April 10th, 2011
01:00 AM ET

In tsunami-flattened town, religious shrine survives

By Paula Hancocks, CNN

Otsuchi, Japan (CNN) - The Otsuchi shrine looks out of place.

Beautifully intact, the ornate Shinto place of worship watches over kilometers of scorched devastation. It is almost the only building still standing in a sea of carnage.

Unscathed by an earthquake, a tsunami and a ferocious fire, some residents believe the shrine, set on a small hill, is blessed and was spared by the gods.

Caretaker Tomoyuki Matsuhashi sweeps the path in front of the buildings, one of them now being used as a shelter for 22 people who lost their homes. He becomes animated as he describes the moments after last month's earthquake.

“I saw the tsunami coming from a distance," he says. "I didn’t know what it was at first and then I saw buildings collapse. A few seconds later the wave was here.”

Eyewitnesses say the second wave reached to the bottom step of the shrine. Many of those sheltering there ran to higher ground and stayed in the hills behind the town.

"Several were injured and had blood pouring from their heads and they were soaked," Matsuhashi says of survivors who just escaped the waters. “So we gave them blankets to try and warm them up. But then we saw the fire raging on the other side of the shrine.”

A gas explosion started a raging fire that reduced the already destroyed town to charred wreckage. Blackened forest around the shrine is clear showing the deadly path the fire took.

Koishi Teruko saw the smoke from the direction of the shrine while hiding in the hills and assumed it had been burnt down. “When I returned,” she tells CNN, “I was surprised it was untouched. God must have protected it, although some people also helped to put the fire out, so it was not just divine intervention.”

Three men stop by to ring the bell at the door of the shrine and bow their respects to the gods. Countless survivors have performed the same ritual over the past month.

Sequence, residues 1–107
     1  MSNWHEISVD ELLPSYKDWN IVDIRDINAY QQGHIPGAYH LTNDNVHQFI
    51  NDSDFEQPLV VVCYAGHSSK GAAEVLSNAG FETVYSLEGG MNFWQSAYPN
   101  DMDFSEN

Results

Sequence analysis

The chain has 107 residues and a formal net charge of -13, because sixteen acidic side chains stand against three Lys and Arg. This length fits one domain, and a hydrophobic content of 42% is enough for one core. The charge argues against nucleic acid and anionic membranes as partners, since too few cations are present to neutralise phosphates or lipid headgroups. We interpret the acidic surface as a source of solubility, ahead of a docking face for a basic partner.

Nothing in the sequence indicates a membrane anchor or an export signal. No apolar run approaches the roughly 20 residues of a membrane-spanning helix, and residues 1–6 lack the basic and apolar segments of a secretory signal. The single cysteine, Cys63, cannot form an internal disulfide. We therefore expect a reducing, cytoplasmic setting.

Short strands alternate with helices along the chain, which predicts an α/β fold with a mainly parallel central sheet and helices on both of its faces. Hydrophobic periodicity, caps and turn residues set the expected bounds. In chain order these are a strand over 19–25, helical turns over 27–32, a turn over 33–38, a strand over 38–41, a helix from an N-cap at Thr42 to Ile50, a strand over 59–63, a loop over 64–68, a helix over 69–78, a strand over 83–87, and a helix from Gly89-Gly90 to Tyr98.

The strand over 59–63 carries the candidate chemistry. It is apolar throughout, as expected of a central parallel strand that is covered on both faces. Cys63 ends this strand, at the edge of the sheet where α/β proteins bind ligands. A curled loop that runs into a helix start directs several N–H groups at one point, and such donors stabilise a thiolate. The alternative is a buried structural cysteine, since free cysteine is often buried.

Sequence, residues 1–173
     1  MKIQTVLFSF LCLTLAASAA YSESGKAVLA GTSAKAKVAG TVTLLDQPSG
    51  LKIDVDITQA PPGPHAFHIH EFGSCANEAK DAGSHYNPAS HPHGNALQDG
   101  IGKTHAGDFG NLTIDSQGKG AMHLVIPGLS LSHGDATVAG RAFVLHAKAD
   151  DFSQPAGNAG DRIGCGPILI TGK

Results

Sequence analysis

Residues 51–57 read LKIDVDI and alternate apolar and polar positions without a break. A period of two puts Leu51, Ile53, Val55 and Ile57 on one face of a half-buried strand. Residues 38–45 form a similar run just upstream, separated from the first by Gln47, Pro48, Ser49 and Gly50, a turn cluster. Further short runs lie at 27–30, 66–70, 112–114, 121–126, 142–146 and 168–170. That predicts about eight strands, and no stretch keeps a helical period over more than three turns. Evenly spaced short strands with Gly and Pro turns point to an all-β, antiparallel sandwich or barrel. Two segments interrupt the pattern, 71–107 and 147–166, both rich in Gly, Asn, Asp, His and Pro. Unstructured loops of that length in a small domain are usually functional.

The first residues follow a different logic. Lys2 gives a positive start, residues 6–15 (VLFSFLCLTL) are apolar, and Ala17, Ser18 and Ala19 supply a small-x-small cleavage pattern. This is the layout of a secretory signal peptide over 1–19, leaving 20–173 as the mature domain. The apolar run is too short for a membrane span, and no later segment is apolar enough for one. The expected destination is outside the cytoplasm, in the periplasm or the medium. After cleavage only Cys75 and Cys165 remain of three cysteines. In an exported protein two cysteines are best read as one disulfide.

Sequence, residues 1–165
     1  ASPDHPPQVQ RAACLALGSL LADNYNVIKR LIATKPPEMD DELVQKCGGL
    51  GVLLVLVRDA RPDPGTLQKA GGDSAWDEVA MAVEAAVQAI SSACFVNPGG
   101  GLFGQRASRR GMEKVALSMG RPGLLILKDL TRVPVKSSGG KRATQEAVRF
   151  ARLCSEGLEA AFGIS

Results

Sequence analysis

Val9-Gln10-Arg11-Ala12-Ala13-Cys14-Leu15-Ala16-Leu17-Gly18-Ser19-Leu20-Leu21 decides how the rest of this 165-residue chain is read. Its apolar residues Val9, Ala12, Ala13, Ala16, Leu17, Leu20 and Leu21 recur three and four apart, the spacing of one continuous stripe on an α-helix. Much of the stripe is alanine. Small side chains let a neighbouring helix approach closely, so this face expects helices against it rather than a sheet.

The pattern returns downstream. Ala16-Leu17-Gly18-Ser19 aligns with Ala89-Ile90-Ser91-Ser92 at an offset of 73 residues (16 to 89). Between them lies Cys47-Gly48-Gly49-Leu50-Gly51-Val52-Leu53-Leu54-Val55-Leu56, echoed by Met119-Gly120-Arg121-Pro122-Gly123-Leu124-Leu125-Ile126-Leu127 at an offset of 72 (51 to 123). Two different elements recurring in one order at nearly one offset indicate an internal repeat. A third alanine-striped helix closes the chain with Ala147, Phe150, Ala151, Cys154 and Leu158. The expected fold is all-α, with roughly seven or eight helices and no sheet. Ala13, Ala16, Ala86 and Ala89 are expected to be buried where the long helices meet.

The prayers on this day are heart breaking. Residents ask for help in finding missing relatives before continuing the grim task of searching for their bodies. Others ask for strength in the face of the horrific post-tsunami reality.

But to one side of the shrine is a poignant reminder that life was once normal here. There are small plaques with flowers and animals painted on one side. On the other is a simple prayer from much simpler times. One youngster asks for help in being accepted to his school of choice. Another asks for a new baby girl to be blessed. The majority pray for a long and healthy life.

They are prayers that have not always been answered in recent weeks.

- CNN Belief Blog

Filed under: Belief • Japan

soundoff (68 Responses)
  1. Watermelon

    To all you who for some reason think when the article says, "God" that they're referring to your god, stop being ignorant. No one is trying to say the Christian god is the one that saved the shrine.

    And to all of you who are belly-aching that people are saying the shrine surviving is a miracle and "ignoring the carnage", will you, for the love of whatever gods are out there, cool off your callouses for one second and think that maybe in times of incredible disaster and destruction, it's comforting to the victims to think that there IS a god who cares about them, and not focus on the fact that their lives just got decimated?? Just because you don't believe what they do doesn't give you the right to try to take away what little hope for the future they have right now. If fantasy is what you call it, let them have their fantasies, because aside from the torn clothes on their back and the blanket they just got handed from the temple that survived, it's ALL they have.

    April 17, 2011 at 11:15 am |
  2. RobCoSystems

    I'd love to see CNN run a spot on all the other buildings that weren't 'touched' by the earthquake or tsunami.

    April 12, 2011 at 6:28 am |
  3. Muneef

    G Wiz.
    It means that those spots of worship were the purest because of God worship within them for which God had maintained as an example and a reminder to mankind...so as well it says that any soul as pure as those spots God may easily save from such dooms no matter what size or powerful the doom is...

    April 11, 2011 at 7:40 pm |
  4. Muneef

    Maybe they should mention the Mosques which survived tsunamis;

    April 11, 2011 at 7:33 pm |
  5. Bo

    So tired about these discussions – if somebody really want to believe that some power have time to listen to petty prayers for whatever.. really let them. I personally feel sorry for them "those religious types" and feel they deserve the right to whatever comforts them the most as long as it don't harm or bug the rest of us.